Amazon is making its first entry into Britain's hot soccer market in a deal with the current leader of the Premier League, Manchester City.
Amazon Prime Video will produce a behind-the-scenes series following the team and its prominent coach, Pep Guardiola, through the current season, the company said Thursday. The production will be available to members of its Prime digital-video service in 2018. Amazon is paying more than 10 million pounds ($13.1 million) for the exclusive access, according to a person familiar with the matter, who asked not to identified as the terms are private.
"This new Amazon Prime Original series will give Prime members extraordinary insight into Manchester City, the top English Premier League Football team and one of the most exciting and respected teams globally," Heather Schuster, head of unscripted at Amazon Originals, said in a statement.
The tie-up builds on Amazon's early efforts to bring exclusive sports content to its platform, after winning global live-streaming rights for the Association of Tennis Professionals' ATP World Tour and the NFL's coveted "Thursday Night Football." It will also fuel speculation that Amazon will take on Sky and BT Group for rights to show Premier League matches in an auction next year.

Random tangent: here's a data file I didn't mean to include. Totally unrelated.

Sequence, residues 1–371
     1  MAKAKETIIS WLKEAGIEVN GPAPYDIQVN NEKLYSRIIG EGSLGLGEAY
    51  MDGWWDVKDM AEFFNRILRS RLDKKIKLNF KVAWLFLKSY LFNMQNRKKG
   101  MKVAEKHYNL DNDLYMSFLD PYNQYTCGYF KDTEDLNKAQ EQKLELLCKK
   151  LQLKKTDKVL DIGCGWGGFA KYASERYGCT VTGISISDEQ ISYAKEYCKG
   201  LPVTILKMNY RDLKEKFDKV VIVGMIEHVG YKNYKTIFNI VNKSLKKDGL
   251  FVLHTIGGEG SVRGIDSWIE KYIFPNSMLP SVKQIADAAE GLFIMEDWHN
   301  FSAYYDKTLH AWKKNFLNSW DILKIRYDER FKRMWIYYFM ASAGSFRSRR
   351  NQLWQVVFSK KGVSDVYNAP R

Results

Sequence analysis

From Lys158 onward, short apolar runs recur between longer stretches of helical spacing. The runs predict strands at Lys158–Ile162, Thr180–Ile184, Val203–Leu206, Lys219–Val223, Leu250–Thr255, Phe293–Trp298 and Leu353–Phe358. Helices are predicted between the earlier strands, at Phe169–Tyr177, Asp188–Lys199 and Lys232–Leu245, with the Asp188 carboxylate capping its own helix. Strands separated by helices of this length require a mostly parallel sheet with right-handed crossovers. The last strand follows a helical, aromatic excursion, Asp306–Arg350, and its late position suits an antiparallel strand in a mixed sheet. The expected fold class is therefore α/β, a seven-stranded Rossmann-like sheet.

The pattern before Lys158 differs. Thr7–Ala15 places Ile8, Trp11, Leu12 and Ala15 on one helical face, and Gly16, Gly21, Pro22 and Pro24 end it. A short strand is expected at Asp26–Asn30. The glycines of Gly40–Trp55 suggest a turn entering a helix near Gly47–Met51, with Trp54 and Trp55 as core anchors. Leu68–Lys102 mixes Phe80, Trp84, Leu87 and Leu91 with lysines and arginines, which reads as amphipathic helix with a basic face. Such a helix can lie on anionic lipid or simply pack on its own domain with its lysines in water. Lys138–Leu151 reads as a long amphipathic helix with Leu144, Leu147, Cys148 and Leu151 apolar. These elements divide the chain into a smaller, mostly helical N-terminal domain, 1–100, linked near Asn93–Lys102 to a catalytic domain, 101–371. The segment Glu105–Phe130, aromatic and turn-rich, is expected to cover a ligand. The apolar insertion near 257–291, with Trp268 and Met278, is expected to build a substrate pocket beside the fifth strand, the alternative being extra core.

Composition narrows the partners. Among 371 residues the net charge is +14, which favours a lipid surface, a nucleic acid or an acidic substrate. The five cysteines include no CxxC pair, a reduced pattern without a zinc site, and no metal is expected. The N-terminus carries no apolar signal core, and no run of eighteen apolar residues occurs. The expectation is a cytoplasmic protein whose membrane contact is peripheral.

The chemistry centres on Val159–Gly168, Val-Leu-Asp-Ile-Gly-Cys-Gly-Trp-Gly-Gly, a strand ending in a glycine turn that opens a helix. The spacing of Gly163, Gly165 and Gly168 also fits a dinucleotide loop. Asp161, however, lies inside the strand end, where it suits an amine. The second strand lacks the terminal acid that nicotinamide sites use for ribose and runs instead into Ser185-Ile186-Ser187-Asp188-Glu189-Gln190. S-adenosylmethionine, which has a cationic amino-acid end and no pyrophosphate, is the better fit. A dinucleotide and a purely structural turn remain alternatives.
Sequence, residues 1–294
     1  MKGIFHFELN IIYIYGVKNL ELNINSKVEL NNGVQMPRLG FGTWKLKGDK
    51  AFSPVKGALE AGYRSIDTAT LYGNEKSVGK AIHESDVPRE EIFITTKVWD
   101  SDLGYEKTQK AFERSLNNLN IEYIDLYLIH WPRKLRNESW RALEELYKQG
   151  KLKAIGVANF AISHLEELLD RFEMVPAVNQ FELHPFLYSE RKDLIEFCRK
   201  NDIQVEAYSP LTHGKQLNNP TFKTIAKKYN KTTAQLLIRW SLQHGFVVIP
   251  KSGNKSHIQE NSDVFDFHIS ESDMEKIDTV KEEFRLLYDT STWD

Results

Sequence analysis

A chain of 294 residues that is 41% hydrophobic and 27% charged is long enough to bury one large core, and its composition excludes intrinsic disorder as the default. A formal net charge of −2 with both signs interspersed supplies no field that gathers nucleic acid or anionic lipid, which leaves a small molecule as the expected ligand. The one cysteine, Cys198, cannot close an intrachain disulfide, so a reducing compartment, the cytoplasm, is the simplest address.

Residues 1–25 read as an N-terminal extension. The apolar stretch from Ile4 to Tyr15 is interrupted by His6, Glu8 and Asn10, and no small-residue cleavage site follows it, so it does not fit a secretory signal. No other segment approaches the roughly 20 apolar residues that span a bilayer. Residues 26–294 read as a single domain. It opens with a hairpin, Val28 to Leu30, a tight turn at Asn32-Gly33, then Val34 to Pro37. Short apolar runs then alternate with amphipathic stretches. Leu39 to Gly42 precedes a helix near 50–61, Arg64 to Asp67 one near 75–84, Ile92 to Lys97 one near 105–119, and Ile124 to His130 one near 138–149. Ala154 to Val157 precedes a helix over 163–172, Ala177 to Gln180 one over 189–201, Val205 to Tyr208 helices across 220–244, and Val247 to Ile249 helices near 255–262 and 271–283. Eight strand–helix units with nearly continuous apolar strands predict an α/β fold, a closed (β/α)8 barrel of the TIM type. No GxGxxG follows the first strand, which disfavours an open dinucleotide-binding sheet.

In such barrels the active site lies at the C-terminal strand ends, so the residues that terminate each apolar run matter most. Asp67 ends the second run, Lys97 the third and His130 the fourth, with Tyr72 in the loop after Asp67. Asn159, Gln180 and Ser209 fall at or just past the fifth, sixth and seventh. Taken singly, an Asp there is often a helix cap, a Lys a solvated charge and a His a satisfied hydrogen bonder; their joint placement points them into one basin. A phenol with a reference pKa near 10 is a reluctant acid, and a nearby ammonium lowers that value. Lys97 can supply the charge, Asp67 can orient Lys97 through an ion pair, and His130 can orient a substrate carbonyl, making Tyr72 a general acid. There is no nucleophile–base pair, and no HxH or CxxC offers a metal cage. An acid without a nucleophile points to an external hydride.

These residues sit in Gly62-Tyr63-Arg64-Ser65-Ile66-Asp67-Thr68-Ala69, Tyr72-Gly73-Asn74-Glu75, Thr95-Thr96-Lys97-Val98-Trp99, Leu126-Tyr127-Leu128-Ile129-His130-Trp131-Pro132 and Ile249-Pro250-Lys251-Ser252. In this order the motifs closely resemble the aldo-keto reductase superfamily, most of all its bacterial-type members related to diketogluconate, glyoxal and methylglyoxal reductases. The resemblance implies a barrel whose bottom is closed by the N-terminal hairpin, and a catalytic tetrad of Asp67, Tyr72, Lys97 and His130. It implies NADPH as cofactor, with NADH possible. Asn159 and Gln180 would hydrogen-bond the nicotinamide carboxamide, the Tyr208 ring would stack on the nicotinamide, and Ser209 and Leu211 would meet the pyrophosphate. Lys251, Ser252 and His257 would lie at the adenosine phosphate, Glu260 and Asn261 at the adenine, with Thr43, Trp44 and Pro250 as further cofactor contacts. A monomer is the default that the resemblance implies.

Participation by web giants including Amazon and Netflix Inc. at the auction risks continuing the steep price inflation of recent years. Sky and BT together paid 5.14 billion pounds for the live U.K. rights in the latest three-year deal, an increase of 70 percent. U.K. broadcast executives are already struggling to justify spending on sports rights to investors, who are increasingly calling into question the business model.
Amazon's series on Manchester City will include visits to its training facilities at the City Football Academy and feature interviews with the manager and executive meetings. It joins a growing library of sports entertainment shows on Prime, including "The Grand Tour," two series of "All or Nothing," which follows the Arizona Cardinals and The Los Angeles Rams over an NFL season.
-- Bloomberg News